What is that phenomenon called? Reticular activation or something like that? I love that the more I look for positive aging examples and advocates, the more I find.
The Huffington Post ran a quick blurb last Spring highlighting Lola Flash’s photography series, “Salt” which makes the persuasive and emphatic statement that the best is yet to come. It’s a quick paragraph or so, but certainly provides food for thought and fodder for further google searches.
Favorite quote from the article:
Salt’s photos not only capture the physical features of her subjects, but their strength, passion and energy. “I want to show their beauty. I want to challenge stereotypes and offer new ways of seeing that transcend and interrogate gender, sexual and racial norms. My work welcomes audiences who are willing to not only look, but see.”
I’m from the baby oil generation. SPF nuthin’. The sun-in with the blow dryer and a crazy orange QT glow. So it is with a fair amount of generous optimism that I approach “anti-aging” products. There’s really only so much anyone or anything can do here, lezbehonest. And while I’m not kidding myself that I can turn back the clock – or the calendar – there’s a definite appeal to the idea of aging with grace and looking the best you can for as long as you can. To that end, I’m starting a flirtation with a DIY transformation situation.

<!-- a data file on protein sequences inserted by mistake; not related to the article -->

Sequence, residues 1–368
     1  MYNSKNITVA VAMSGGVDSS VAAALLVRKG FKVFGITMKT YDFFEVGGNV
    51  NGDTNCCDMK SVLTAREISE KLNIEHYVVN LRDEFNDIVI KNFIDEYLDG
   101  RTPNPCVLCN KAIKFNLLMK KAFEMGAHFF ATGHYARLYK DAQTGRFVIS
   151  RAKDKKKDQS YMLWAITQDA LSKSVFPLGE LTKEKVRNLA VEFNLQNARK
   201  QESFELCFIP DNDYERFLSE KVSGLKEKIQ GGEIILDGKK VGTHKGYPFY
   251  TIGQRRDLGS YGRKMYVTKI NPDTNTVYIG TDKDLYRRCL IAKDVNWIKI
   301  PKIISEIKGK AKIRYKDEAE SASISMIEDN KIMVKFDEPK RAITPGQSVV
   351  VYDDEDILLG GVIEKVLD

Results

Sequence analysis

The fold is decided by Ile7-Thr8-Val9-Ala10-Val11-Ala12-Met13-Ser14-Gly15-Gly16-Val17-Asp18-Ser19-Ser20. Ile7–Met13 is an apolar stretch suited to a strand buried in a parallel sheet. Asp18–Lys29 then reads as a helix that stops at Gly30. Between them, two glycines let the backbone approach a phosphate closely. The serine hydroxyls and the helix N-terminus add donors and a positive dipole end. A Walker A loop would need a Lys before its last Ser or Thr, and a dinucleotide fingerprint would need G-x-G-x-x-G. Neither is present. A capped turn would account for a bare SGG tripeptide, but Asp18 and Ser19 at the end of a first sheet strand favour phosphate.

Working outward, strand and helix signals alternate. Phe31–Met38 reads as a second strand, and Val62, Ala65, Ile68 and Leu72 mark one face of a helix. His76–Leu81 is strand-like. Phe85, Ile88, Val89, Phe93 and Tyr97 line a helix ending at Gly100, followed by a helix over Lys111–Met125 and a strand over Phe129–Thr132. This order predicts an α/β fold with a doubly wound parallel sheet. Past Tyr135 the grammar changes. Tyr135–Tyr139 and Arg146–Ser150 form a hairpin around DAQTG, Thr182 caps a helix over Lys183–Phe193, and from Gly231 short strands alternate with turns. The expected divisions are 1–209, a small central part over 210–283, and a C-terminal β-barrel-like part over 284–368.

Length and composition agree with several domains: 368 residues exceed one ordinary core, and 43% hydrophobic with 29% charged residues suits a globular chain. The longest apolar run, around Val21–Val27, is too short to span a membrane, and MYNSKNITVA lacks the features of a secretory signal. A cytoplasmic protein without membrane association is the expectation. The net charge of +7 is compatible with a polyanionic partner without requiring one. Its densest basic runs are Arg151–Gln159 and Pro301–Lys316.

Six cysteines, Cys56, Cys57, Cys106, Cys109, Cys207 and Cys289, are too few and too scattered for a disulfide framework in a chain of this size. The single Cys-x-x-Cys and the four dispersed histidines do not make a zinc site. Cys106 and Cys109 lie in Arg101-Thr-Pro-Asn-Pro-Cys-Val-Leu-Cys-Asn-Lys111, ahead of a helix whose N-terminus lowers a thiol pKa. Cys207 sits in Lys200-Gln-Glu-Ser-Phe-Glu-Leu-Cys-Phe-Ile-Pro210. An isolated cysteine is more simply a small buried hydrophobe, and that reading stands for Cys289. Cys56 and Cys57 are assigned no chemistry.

It’s biology, really. We are hardwired to desire the youthful and the symmetrical so as to grow and improve the species.
But also, it’s not biology, not in its true organic state. Our big, smart brains teamed up with our amygdalas to exploit our anxious id to feed our hungry avarice. Yeah, OK, I don’t know how well all those mixed metaphors would hold up in English Comp 101, but you get my drift, right? We’ve manipulated ourselves into believing that the closer we are to age 20, on either side of the timeline, the more acceptable, desirable, and worthwhile we are.